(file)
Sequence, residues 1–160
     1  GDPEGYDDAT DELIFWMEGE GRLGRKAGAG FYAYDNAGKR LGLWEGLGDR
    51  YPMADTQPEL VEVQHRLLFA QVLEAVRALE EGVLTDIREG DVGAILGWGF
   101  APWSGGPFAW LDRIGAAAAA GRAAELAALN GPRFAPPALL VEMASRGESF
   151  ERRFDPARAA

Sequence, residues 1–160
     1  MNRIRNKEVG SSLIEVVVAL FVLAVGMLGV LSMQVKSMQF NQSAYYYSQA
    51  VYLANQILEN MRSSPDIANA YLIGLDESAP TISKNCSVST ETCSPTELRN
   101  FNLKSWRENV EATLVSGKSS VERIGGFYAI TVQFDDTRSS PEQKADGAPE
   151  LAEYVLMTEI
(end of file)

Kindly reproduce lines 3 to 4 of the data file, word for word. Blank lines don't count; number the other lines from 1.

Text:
    51  YPMADTQPEL VEVQHRLLFA QVLEAVRALE EGVLTDIREG DVGAILGWGF
   101  APWSGGPFAW LDRIGAAAAA GRAAELAALN GPRFAPPALL VEMASRGESF